JULIE Hiatt Steele wandered into the melodramatic scheming to impeach the president, never sure what she was doing there . She is a victim of independent counsel Kenneth Starr's determination to do whatever it took to remove Mr. Clinton from office.
The mistrial declared in her case is the mistrial of the century. The hung jury reflects the testimony, which showed that a lot of people lied a lot of the time. One of them may have been Ms. Steele, when she said that Kathleen Willey had not told her before 1997 about being groped by President Clinton in 1993.
But Ms. Willey was a worse witness than Ms. Steele. Ms. Willey was shown to have lied 63 times in her testimony in the Paula Jones lawsuit. So, why did Mr. Starr indict Ms. Steele for obstruction of justice and making false statements but not Ms. Willey? Because Ms. Willey was willing to testify against Mr. Clinton, and Ms. Steele had undermined Ms. Willey's credibility. In other words, the prosecution of Ms. Steele was capricious and vengeful.
Sometimes a jury engages in what lawyers and judges disapprovingly call "nullification." An example is when jurors decide that despite the evidence, they will acquit because the prosecution was trivial, disproportional or otherwise wrongly brought.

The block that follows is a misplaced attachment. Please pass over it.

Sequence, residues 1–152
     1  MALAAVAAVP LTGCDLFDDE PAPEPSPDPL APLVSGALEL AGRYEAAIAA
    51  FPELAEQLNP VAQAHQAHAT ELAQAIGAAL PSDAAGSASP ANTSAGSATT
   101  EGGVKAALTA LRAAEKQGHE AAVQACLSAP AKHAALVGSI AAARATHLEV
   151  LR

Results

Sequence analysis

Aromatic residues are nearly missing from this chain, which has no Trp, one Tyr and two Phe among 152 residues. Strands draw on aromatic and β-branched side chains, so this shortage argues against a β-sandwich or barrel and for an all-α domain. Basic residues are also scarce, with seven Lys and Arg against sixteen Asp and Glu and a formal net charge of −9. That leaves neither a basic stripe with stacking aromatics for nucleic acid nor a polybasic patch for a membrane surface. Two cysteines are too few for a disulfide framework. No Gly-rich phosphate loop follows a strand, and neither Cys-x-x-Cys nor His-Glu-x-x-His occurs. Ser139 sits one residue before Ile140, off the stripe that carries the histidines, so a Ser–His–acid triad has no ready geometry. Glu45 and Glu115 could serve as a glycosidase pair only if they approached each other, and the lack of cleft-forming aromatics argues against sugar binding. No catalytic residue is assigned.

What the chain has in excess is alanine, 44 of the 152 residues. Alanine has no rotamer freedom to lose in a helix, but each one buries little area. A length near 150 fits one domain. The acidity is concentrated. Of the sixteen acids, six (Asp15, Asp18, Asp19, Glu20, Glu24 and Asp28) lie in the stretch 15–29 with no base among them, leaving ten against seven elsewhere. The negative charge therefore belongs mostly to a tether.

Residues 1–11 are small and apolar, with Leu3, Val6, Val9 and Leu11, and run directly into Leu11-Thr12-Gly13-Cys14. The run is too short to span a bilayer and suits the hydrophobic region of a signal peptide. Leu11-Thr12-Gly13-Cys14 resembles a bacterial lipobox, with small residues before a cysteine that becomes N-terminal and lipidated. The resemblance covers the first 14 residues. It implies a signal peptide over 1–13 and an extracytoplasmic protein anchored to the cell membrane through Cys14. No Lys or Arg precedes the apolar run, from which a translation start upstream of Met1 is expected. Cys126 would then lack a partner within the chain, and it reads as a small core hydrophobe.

One bizarre aspect of Mr. Starr's investigation of the president's sex life is that of all the characters who blundered into it, the only one indicted was Julie Hiatt Steele. This certainly gave rise to the appearance that Mr. Starr was extorting perjury, making people afraid not to say what he wished.
The trial also allowed the prosecution to put Ms. Willey on the stand to give her version of her encounter with President Clinton. The nation, so soon after Mr. Clinton's impeachment trial, either did not notice or did not care.
There is a rule in the threat business that you should never make one unless prepared to carry it out. Someone in the Office of Independent Counsel seems to subscribe to this wisdom.
They don't let juries hang the prosecutor. So this jury hung itself.